It’s the summer of 1989: After the death of his girlfriend, Edgar, a student of German philology from Halle, leaves his former life with a bag in his hand and his head full of the poet Georg Trakl. His destination is Hiddensee, the mythical island, virtually unattainable to the average GDR-citizen. Ed manages to get a job as a dishwasher at the inn “Zum Klausner”. Here he meets Alexander Krusowitsch, aka Kruso, who initiates him into the island’s secrets. Because Hiddensee is a beach for the stranded, for all those who place their hopes on the dangerous escape across the sea. Invisible to both the day tourists and the army, Kruso has infiltrated the island. His mission is a freedom beyond all systems and mainlands, his utopia is the island itself as a place outside of time. Ed, whose escape was rather to take him away from himself than to any specific place, becomes “Robinson” Kruso’s “Friday” for one summer. But inevitably, autumn comes. What was magnificent now seems ludicrous. Small, individual happiness becomes important. And he who has no house now, will belong to the floods.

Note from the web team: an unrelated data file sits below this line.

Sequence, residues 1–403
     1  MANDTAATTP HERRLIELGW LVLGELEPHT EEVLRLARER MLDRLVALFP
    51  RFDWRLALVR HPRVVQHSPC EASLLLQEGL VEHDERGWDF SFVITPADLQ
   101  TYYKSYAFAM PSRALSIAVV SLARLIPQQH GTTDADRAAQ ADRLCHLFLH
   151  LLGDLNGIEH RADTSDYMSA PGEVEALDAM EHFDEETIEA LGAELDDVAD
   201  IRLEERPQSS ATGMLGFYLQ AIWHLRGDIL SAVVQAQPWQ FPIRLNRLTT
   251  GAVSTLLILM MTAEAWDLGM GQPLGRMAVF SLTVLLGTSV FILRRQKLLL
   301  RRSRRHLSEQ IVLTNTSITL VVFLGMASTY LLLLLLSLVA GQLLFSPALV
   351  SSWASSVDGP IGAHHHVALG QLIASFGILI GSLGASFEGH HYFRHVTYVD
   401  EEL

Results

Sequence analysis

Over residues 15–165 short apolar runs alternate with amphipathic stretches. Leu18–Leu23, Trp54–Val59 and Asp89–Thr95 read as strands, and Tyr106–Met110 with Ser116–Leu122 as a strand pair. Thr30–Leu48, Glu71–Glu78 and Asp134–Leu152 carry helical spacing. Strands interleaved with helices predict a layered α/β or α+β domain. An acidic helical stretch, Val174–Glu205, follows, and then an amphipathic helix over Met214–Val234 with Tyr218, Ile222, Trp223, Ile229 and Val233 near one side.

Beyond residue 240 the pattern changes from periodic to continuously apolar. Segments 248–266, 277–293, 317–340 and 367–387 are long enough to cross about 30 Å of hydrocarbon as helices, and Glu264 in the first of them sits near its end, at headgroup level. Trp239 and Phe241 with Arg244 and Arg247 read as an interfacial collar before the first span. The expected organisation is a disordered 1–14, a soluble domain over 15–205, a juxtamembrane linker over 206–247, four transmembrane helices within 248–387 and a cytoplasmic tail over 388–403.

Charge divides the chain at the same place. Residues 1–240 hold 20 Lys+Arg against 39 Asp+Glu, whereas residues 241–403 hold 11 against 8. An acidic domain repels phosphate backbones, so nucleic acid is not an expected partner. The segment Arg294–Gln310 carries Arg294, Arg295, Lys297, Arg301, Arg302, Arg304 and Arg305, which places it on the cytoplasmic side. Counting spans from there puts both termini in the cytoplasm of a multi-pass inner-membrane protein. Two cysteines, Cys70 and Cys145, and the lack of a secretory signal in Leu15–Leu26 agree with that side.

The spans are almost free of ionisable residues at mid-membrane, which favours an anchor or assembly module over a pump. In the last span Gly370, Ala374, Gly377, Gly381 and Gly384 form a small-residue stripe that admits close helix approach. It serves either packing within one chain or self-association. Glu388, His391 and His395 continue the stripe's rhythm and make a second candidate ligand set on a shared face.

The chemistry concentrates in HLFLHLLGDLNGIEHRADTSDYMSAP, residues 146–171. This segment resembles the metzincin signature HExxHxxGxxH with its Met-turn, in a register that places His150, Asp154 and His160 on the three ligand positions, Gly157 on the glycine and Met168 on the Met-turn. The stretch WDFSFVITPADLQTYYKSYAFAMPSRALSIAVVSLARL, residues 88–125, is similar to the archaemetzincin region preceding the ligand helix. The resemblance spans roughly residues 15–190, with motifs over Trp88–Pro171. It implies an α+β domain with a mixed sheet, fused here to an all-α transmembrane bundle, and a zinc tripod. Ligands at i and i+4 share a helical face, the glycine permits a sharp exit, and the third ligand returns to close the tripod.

Lutz Seiler’s “Kruso” is a major novel about the latter days of the GDR; the central image of the island serves as a spacious metaphor for disappearance. Seiler captures the contradictory nature of the Wall as both prison and as protection – protection less from potential enemies than from a different kind of era. Lutz Seiler received the 2014 German Book Prize for “Kruso”.
Director Armin Petras is particularly interested in exploring biographical disruptions of the kind that the protagonists of “Kruso” experience. His previous work as a director brought him to theatres like Schauspiel Frankfurt, Deutsches Theater Berlin, Maxim Gorki Theater and Münchner Kammerspiele. Petras’ productions were invited to the Berliner Theatertreffen in 2003 and 2004, and his plays, which he writes under the pseudonym of Fritz Kater, have won numerous awards.